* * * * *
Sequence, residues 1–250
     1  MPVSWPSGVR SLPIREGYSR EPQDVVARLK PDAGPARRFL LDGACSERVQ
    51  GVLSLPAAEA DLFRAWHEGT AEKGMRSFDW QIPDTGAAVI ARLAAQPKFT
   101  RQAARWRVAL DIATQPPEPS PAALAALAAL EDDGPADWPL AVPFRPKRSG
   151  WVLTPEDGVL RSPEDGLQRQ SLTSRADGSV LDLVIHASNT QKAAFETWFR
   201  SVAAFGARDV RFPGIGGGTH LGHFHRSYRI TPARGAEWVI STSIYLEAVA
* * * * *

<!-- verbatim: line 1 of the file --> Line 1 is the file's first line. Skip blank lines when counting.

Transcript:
Sequence, residues 1–250